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Should U of C criminally convicted student be expelled?

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  • Jan 12th, 2018 8:45 pm
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May 25, 2011
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Micelli_Illuminatti wrote:
Jan 12th, 2018 2:26 pm
Ugh. Now it gets ugly. If he's paid full tuition, he can argue that he is lawfully allowed to be there. You're either allowed or not. Besides help, I also hope he will call a lawyer.
They are saying they are doing it for his safety - and I assume the safety of their security people etc
Regardless of payment, attendance is to an extent a privilege.
Maybe they did not have the policies in place to expel him...but if his attendance poses a risk to others maybe they do have the right to say "no."
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akira1971 wrote:
Jan 11th, 2018 10:16 am
Every university in Canada has a Code Of Conduct policy that students AGREED to abide by when they enrolled. They specifically lay out the definition of what non-academic "wrongdoings" are (including convictions under the Criminal Code) and the range of disciplinary action from reprimands to expulsion. These university rules have be around for DECADES and many students have been kicked out after a criminal conviction. This is nothing new.

Sorry to interrupt your rant about "social justice trials" with actual facts...
I know no University in Quebec that have this and I'm in the business. If it exist I never heard anyone who got expelled for crime committed outside school or unrelated to the university.

There's some serial killer in Canada that are currently enrolled in a university.
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Sounds like its "advice", not an order. For instance, at the school I attended, students were often "Advised to discontinue", but such 'advice' could be ignored, ie: a student could certainly choose to ignore such 'advice', and continue their studies. A higher level of academic sanction, an "Required to discontinue", was a prohibition against enrolment in courses.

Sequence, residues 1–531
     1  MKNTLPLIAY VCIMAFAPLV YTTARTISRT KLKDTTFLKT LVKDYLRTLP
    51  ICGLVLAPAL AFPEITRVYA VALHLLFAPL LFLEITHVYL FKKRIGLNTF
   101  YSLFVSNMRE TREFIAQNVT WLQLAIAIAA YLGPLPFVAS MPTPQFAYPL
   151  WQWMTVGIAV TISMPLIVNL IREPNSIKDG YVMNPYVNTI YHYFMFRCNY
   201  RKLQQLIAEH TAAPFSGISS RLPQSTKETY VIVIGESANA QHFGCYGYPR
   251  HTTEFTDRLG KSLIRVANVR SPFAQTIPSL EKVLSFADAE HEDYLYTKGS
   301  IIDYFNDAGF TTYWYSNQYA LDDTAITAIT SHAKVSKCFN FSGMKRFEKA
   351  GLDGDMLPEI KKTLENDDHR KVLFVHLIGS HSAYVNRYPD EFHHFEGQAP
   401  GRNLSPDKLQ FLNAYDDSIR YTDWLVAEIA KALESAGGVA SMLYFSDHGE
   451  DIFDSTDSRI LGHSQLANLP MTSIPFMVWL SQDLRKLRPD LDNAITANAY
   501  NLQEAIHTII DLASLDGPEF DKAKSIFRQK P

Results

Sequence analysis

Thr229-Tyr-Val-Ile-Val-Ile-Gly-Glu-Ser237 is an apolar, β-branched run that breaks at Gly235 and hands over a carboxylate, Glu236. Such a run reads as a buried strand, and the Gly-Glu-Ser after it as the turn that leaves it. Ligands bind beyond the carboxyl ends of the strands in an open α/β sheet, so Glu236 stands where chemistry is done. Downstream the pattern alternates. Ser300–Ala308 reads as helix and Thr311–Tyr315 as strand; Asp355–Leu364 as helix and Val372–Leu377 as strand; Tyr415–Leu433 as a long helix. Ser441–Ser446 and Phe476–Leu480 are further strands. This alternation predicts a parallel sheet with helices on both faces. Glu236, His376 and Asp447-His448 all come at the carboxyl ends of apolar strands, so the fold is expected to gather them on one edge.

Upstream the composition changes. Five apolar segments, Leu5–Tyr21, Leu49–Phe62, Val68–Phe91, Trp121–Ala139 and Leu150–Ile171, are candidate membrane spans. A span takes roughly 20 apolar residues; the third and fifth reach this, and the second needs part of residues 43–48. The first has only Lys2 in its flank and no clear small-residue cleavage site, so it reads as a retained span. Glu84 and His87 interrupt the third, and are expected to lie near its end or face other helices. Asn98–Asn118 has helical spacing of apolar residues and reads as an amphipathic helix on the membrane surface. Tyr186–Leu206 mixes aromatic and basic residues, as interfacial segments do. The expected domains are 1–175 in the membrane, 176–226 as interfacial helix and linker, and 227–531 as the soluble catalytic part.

The University might be trying to minimize its liability if this individual were injured by other students, and/or faculty.

I can't imagine anyone wanting to study under such conditions. Every professor in the classes to which he has signed up for has probably been given a briefing of the facts including that of his conviction, and would probably hold that against him in their assessments of academic performance. Having said that, there's lots of first year courses which are basically all multiple choice or are completely based on quantitative evaluation. In a large lecture hall and with a bit of alteration of appearance, doubt anyone would even know of his presence unless they were actively looking for him.
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Aug 17, 2009
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@burnt69 I wouldn't put it past some of the SJW on campus (I dreaded them when I was in school) to actively seek and harass him. That's one thing that always bothered me about some of the left-leaning groups on campus. They appeared to promote fairness and equality at the expense of other people. But that is the subject matter of another thread.
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Micelli_Illuminatti wrote:
Jan 12th, 2018 3:16 pm
@burnt69 I wouldn't put it past some of the SJW on campus (I dreaded them when I was in school) to actively seek and harass him.
The SJW's I had a problem with on-campus were actually professors. Including one who was so devoted to being a communist that he gave everyone in the class a 72% grade on the final exam no matter what they wrote. I pursued him in the University's academic misconduct process for academic misconduct, but that was ultimately fruitless after a while.

To the point of this article, if the guy picked his classes right, and didn't do anything to stick out like a sore thumb, he could probably take the classes under the radar. I believe his problem would be the profs "poisoning the well" so to speak.
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burnt69 wrote:
Jan 12th, 2018 3:36 pm
The SJW's I had a problem with on-campus were actually professors. Including one who was so devoted to being a communist that he gave everyone in the class a 72% grade on the final exam no matter what they wrote. I pursued him in the University's academic misconduct process for academic misconduct, but that was ultimately fruitless after a while.

To the point of this article, if the guy picked his classes right, and didn't do anything to stick out like a sore thumb, he could probably take the classes under the radar. I believe his problem would be the profs "poisoning the well" so to speak.
Wow,

What was the field of study?

This would go disciplinary in a second in my University.
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vonblock wrote:
Jan 12th, 2018 3:49 pm
What was the field of study?
Canadian post-Confederation History, a first year course. He should've been found guilty, but after all the procedural wrangling, and the fact that I was graduating that year, it wasn't worth my time/limited money to pay a lawyer to pursue it further.
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Aug 2, 2010
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Let him finish, sheesh.

100 years ago an 18 yo marrying a 13yo would have been normal.

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